A lot has been written about OJ Simpson since then. Some of it might even be true. He was acquitted of the murders partly because the LAPD messed up the evidence, and partly because of the conduct of LAPD officers throughout the 90’s, and especially that of three years earlier with the Rodney King beating. African-American Mr. King was taped being pulled over for a traffic ticket and then being viciously assaulted by several LAPD police officers. That was bad enough, but then the LAPD Rampart Scandal of the late 1990s resulted in 70 officers being implicated in misconduct involving evidence planting, frame-ups, perjury, covering up of evidence and narcotics dealing. Over 100 prior convictions were consequently overturned.
Detective Mark Fuhrman on the stand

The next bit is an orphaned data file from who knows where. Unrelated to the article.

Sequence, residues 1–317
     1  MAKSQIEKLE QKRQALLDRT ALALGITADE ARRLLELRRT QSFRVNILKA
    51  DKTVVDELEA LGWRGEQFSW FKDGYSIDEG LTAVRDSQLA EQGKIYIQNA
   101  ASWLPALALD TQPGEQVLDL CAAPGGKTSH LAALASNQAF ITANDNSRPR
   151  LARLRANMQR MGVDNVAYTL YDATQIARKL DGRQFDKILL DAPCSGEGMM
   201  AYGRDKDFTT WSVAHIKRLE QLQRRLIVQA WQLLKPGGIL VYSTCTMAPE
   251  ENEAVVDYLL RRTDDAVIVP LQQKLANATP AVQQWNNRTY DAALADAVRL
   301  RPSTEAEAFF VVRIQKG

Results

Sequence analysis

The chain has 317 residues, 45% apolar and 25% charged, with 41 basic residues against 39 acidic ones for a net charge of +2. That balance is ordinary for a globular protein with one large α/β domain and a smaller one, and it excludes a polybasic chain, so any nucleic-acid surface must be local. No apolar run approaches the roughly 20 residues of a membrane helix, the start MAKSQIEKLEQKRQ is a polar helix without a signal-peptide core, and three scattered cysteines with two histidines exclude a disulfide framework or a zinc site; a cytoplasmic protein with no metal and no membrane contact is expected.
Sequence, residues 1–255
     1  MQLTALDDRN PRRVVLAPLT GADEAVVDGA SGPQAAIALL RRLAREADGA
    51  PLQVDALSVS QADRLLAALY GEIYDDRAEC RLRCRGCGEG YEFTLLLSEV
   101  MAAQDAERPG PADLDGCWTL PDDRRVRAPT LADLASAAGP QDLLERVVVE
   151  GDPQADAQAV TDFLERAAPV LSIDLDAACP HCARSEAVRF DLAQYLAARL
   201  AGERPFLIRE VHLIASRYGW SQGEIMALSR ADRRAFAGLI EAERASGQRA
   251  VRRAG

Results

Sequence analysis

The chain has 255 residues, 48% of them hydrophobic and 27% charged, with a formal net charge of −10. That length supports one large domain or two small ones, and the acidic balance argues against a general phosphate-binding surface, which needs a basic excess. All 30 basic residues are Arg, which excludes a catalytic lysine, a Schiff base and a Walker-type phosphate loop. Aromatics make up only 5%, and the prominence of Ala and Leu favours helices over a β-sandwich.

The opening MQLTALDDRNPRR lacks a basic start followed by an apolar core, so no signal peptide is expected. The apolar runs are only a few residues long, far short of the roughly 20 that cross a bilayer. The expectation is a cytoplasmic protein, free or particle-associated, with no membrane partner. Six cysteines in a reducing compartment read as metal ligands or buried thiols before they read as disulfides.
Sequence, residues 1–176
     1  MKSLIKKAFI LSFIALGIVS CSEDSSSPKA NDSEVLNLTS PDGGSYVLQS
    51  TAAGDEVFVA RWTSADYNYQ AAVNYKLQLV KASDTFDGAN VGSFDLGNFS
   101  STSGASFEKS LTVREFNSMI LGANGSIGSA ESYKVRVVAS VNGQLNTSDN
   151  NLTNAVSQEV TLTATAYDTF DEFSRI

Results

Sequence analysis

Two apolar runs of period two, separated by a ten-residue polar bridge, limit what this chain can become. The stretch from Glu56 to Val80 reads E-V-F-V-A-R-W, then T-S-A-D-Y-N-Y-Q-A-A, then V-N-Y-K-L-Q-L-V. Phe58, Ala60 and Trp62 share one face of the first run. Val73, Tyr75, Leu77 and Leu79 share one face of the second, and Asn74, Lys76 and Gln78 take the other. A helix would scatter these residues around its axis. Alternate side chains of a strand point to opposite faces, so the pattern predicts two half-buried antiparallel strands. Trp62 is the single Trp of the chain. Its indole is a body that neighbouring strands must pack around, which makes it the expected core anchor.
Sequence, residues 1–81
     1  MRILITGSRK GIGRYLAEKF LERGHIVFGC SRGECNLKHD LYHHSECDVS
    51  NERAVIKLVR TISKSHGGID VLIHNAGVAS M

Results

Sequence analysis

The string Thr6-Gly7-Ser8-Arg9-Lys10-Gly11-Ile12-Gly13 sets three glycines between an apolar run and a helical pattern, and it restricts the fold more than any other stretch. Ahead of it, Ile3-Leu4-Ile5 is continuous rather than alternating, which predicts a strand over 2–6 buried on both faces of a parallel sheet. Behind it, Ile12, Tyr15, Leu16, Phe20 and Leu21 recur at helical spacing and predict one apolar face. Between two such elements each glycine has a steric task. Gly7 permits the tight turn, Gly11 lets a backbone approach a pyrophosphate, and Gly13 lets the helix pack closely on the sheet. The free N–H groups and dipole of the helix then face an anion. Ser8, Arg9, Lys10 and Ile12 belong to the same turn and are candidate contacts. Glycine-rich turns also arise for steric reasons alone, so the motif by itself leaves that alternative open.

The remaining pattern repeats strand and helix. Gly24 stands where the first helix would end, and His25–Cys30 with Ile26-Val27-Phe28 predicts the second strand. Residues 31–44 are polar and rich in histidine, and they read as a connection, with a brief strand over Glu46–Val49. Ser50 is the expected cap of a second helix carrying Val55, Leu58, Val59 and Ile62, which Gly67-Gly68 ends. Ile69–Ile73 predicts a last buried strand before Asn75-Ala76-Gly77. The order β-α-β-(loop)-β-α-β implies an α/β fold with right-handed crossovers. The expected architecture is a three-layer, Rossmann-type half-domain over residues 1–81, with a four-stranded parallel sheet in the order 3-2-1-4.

The LAPD had a deplorable record regarding minority groups and Detective Mark Fuhrman, the man who allegedly discovered a bloody glove behind OJ’s guest-house, tarnished that reputation even further. It emerged at the trial that he had been seen snooping around Simpson’s house without a warrant. The black glove was the lynchpin of the case against Simpson, yet it did not even fit his hand! Proof of his racist nature, his regular use of the word ‘nigger’ and his open hostility towards African-Americans were revealed on the stand, all of which cast doubt on his entire testimony and on the evidence he had supposedly accumulated. When asked under oath if he had ever used the word ‘nigger’ to describe African-Americans, he said ‘no’ four times. A tape was then played in which he clearly used the word forty times. To every question asked of him by the defense attorney after that he declined to answer, standing on the 5th Amendment every time. He was convicted of perjury and it would be reasonable to say that the prosecution’s case went down the drain with him. Many people, including the jury, felt he could have planted the gloveto strengthen the case against Simpson.